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Steven Olsen
Steven Olsen, Therapist
Category: Mental Health
Satisfied Customers: 1765
Experience:  More than twenty years of expertise in counseling, psychological diagnosis and education
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My daughter just graduated from HS, is 18, ADHD and is having

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My daughter just graduated from HS, is 18, ADHD and is having trouble sleeping at night, and is worried that the world is coming to an end on Dec. 21st. She currently takes Vyvanse 20 mg for ADHD. This has affected her daily life to the point she really can't function very well.

She's been worried about this since 8th grade, and as it gets closer she gets more anxious. She already is seeing a Psychologist but it's not helping because she can't keep it off her mind. She got good advice about what to do, but her brain overpowers it and it happens a lot at night. She doesn't want to take more medicine. She thinks it will change her somehow; but the problem is the real "Sam" hasn't been around for a number of years.

I want to get her tested but I don't know what to ask for or how to start. This problem is so bad she feels she can't go to college until after Dec. 21st; she wouldn't be able to get her work done. I have my own physical problems including MS so I really need to figure out what to do. I'm desperate and want my Sam back.

She was diagnosed with ADHD back when she was 5 years old; but younger than that produced 2 1/2 - 3 hr temper tantrums and getting kicked out of 4 day cares. She was bullied in middle school but had a great 4 years in HS with a new set of friends. But the problems were already insilled in her.

What do I do next?

By the time a young man or woman reaches 18 years old the legitimacy of ADHD as a diagnosis tends to be much lower. Simply said, the symptoms you describe here are related to worry and anxiety and that is not the primary symptom(s) of ADHD.


Indeed, the symptoms are in line with a worry type obsession.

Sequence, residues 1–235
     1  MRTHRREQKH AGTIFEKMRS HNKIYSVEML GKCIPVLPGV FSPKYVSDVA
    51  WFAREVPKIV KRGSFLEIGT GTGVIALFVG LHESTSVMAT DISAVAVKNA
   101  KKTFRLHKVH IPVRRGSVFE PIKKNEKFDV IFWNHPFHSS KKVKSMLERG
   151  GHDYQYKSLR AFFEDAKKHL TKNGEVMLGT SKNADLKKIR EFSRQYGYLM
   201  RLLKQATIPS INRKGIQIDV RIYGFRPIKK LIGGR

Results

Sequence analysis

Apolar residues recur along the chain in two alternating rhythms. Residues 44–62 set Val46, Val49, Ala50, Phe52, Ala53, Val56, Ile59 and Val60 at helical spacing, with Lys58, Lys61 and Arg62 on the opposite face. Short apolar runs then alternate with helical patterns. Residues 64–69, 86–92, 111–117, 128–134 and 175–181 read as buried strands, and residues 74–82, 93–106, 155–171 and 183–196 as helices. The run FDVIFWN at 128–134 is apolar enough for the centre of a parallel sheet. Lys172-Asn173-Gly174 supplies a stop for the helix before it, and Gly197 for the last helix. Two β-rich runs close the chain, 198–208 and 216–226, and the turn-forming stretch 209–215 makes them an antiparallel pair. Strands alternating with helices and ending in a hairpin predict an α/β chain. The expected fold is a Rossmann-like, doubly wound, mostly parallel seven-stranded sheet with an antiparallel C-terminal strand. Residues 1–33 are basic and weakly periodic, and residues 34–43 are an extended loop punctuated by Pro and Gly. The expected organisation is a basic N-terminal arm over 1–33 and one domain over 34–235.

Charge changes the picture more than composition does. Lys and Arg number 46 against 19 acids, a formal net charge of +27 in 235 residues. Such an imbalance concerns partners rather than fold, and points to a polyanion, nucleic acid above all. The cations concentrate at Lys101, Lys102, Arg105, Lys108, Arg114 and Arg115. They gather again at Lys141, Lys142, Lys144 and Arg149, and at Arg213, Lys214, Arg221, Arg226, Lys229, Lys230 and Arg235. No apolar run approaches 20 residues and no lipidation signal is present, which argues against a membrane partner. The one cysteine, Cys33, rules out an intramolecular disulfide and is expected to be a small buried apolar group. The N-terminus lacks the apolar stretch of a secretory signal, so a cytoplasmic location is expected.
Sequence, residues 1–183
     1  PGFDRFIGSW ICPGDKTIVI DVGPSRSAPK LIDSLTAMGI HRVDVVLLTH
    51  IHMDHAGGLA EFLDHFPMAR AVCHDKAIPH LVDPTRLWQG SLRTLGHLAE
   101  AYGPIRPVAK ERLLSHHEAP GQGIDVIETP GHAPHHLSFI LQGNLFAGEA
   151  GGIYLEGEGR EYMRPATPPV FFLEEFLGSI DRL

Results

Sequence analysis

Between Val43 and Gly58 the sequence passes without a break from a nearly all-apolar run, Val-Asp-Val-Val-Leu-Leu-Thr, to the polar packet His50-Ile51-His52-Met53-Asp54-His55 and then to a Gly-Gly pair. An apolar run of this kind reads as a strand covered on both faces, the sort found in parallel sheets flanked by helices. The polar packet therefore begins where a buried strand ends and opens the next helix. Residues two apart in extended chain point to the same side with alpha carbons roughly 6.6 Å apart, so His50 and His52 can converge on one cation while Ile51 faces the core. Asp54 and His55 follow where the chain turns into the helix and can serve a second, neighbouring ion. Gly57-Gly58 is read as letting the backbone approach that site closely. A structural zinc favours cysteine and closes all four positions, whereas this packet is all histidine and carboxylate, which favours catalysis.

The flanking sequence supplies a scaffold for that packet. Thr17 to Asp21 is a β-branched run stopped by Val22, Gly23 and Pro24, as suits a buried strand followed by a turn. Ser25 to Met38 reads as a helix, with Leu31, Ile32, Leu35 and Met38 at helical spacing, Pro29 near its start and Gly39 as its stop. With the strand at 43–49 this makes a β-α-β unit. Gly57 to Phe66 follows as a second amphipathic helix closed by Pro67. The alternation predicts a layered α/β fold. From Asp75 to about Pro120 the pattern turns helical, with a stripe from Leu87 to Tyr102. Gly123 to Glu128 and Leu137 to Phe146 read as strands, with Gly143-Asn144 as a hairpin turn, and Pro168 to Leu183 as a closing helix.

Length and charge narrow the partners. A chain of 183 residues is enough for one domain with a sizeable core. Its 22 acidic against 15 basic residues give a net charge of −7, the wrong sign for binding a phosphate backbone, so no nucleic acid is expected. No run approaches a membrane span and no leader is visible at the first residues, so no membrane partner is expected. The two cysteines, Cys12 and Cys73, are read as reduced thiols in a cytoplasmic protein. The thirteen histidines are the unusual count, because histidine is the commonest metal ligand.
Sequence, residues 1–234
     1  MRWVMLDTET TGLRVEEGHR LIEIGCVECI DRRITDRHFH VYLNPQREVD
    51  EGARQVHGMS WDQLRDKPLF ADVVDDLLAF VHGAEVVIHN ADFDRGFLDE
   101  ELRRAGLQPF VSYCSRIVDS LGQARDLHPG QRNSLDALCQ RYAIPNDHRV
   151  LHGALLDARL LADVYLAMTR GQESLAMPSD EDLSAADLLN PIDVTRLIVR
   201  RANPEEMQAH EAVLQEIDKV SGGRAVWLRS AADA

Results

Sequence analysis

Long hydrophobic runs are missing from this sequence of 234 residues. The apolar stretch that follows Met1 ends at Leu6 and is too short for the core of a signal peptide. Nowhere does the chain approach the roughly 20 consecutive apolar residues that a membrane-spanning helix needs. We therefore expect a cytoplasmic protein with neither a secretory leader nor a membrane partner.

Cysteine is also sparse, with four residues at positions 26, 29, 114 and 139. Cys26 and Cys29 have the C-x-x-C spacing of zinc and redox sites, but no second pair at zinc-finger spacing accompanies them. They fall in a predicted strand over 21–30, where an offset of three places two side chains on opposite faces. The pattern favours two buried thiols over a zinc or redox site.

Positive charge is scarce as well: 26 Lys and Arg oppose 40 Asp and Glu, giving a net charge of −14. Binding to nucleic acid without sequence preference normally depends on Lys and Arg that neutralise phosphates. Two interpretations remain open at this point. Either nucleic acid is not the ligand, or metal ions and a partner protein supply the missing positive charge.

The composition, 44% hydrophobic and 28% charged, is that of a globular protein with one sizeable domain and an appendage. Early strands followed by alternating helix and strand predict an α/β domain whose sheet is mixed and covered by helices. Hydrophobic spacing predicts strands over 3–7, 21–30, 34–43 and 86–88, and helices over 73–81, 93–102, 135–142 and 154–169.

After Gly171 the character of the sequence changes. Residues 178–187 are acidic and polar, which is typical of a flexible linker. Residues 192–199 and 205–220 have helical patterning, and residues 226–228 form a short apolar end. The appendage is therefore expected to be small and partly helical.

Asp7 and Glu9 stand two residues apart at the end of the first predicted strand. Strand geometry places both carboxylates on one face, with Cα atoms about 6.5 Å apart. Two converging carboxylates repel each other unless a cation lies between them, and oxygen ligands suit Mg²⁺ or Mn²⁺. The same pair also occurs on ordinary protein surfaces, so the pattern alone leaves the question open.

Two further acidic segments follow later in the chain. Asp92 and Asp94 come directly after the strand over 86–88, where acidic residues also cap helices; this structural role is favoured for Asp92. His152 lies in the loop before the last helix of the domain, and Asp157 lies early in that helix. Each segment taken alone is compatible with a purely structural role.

And the medications that she is taking may actually be causing some of these symptoms if not exacerbating it. These medications do not work the same way in many people as we age and mature, and in teens this medication can even cause people to believe things that are untrue. Even the manufacturers website that I just reviewed states this.


If this was my daughter I would do two things. I would immediately have her seen by the doctor who prescribed the Vyvanse. (Even if she does have ADHD there are other choices.) I would be very clear that she has developed an obsessional type worry and that she needs to be reevaluated for a different medication. To encourage you, Some ADHD medications work on serotonin, which reduces worry and should also help with her impulsivity issues.


All in all this seems like a medication reaction due to either poor tolerance of the medication or simply her age and the nature of how this medication works. I would also encourage her to seek support at community mental health agency as the treatment is often free or low cost, and she can see a counselor and a psychiatrist (or a different one) and receive the emotional support she deserves as well.


There is more than just hope here. She needs a medication reevaluation to smooth things out and that is where I would start. With that, I can see you having a great chance of seeing the old 'Sam' Steven

Customer: replied 4 years ago.
The original doctor was her pediatrician which she no longer sees. So this is a new doctor picking her up as a new patient; he's my doctor too and a good one. So you think her Vyvanse might actually be causing her trouble?

Yes I do as even the manufacturer acknowledges that this is a possibility.


The medication does impact the prefrontal cortex, and it tries to improve that area of the brain's ability to control impulsivity. Overstimulated, which is the possibility I think you are seeing, you get obsessional worry and bizarre beliefs.


Easily corrected if this is the case. Steven

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